Tucson has a lot of pools — nearly 37,000 according to the City of Tucson. They’re a great escape from the heat of the summer, and can feel like an oasis in the desert. They are a lot of maintenance, however, and one way you can reduce your pool maintenance is to make sure you have the appropriate plants in your pool area. There are three main considerations when choosing plants for a pool area.
1. Litter. Some plants are simply messier than others. For example, the colorful bracts of bougainvillea tend to dry to papery leaves and blow everywhere. Mesquites drop their tiny leaves in winter, but also shed a lot of pollen in spring and then follow that with dropping their seed pods. Any deciduous tree will end up dropping leaf litter in the fall. All this plant debris can clog up your pool machinery, and increase your pool deck maintenance.
2. Thorns and spikes. Avoid having plants in the pool area that are thorny, particularly near the pool deck. Keep the areas around your pool equipment and storage clear of spiky plants, too. Nobody wants to be dodging those in their shorts or bathing suit! Native trees like palo blanco (Acacia willardiana), palo brea (Cercidium praecox), ironwood (Olneya tesota), and kidneywood (Eysenhardtia orthocarpa) have no thorns and are low-litter and drought-tolerant once established.
3. Plant size. For example, some people will want to shade their pool and deck area, while others want to have sun on the pool in order to warm the water. When choosing trees for your pool area, consider which of these options work for you, and then think about the height of the tree you choose. Palm trees are relatively low-litter and are a good choice for the pool. If you plant tall ones on the south or west side of your pool be ready for the shade they will provide. Most palm trees are relatively low maintenance, and species such as the California fan palm (Washingtonia filifera) and Mexican blue palm (Brahea armata) don’t use a lot of water. In addition, keep in mind the final size of any bushes or succulents you plant, and make sure they will not interfere with areas where people want to sit or walk.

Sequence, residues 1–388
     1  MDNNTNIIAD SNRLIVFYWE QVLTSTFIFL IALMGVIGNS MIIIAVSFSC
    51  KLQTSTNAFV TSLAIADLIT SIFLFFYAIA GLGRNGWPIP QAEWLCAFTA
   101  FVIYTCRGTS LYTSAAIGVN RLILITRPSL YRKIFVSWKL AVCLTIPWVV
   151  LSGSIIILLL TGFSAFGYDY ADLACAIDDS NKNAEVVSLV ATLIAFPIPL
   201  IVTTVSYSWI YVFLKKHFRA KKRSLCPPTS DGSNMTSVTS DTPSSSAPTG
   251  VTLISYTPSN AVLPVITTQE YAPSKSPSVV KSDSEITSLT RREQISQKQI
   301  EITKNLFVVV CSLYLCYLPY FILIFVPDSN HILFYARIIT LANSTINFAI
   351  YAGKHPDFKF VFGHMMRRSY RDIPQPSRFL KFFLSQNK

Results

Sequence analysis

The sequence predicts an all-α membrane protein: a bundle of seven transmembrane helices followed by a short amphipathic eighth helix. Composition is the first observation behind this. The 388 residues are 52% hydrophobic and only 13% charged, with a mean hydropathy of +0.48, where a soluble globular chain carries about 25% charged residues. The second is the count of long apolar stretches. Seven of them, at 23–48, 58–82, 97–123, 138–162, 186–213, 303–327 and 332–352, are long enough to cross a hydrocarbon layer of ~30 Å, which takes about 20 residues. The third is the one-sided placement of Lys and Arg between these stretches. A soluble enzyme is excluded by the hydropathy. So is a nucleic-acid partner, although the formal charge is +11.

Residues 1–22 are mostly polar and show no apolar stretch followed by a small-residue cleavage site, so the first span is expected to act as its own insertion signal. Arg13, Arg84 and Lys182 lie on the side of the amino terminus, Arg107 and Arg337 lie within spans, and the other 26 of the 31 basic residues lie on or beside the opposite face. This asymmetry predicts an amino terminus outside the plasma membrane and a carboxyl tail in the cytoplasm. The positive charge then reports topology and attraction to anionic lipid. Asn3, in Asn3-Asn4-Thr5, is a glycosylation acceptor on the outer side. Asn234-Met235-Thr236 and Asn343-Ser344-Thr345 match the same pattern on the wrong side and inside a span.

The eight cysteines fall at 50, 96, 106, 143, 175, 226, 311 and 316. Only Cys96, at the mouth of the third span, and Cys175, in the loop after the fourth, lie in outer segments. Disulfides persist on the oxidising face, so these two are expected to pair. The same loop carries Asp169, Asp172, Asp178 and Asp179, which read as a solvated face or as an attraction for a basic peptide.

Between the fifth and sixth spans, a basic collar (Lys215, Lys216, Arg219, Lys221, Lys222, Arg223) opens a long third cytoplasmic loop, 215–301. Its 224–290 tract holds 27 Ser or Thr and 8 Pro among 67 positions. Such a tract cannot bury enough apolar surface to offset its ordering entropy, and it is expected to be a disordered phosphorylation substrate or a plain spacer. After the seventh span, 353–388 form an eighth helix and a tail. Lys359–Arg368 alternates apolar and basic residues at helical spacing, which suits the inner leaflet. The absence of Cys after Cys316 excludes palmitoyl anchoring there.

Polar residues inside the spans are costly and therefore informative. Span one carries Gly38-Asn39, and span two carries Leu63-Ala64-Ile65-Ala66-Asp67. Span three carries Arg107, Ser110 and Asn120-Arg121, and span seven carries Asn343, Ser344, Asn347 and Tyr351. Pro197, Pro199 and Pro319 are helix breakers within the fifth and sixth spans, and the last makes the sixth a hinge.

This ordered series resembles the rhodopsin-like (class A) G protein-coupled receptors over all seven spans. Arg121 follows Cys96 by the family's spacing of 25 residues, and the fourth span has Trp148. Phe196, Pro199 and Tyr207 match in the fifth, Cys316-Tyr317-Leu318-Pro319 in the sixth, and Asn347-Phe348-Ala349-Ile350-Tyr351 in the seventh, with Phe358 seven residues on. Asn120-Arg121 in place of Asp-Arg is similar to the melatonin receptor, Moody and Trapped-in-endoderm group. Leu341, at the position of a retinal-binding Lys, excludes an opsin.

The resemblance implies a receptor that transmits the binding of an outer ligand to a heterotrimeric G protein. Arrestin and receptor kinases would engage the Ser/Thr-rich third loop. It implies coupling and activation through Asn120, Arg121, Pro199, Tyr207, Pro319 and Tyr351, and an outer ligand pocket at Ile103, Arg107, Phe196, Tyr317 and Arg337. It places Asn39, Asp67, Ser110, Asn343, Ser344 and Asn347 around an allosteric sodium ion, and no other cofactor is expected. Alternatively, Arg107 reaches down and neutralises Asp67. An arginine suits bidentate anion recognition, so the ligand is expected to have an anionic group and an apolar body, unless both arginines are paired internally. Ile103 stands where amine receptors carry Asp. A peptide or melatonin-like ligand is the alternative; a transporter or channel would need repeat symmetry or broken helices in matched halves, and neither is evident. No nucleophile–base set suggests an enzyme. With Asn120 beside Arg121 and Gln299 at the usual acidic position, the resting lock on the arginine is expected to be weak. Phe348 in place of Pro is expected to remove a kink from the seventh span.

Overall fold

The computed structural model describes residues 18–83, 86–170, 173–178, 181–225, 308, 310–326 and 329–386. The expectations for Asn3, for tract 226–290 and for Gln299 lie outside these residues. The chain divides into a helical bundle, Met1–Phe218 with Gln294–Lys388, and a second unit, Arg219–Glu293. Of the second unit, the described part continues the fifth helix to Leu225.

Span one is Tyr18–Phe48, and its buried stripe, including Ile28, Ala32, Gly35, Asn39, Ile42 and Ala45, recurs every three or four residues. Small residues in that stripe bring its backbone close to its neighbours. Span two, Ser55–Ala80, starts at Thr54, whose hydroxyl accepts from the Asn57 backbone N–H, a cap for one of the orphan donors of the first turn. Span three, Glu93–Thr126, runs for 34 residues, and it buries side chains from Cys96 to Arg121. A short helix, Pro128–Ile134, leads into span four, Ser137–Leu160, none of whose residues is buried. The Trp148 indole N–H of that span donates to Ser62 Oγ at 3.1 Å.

For those allergic to bee stings, a final consideration is flowering plants. You will likely want to avoid flowering plants at ground level if anyone in your household has a life-threatening reaction to bee stings. You don’t need to exclude flowers if you have a normal reaction; solitary bees (the vast majority of the bees that will visit your plants) are very docile and won’t sting unless severely provoked. Native solitary bees do not become africanized. Africanized bees are a hybrid between European honeybees and African bees, and were originally bred in Brazil. They are much more aggressive than non-hybridized European honeybees. Honeybees are very different from native solitary bees; they live in large colonies and are used by humans for production of honey and pollination services for agricultural crops. Honeybees are very unusual in the bee world —there are only seven species of honeybees worldwide (of which two are domesticated), while Arizona alone has 1,300 species of native solitary bees.
There are many plants that work well for pool areas and tend to grow well in our climate. The Arizona Municipal Water Users Association has a searchable online catalog of plants that include pool-friendly selections although some of their choices are too thorny or spiky for my liking. You can further narrow your search by plant type, size, water use, sun requirement, and other helpful characteristics.
The University of Arizona’s Extension office also has a list of plants for poolside areas.
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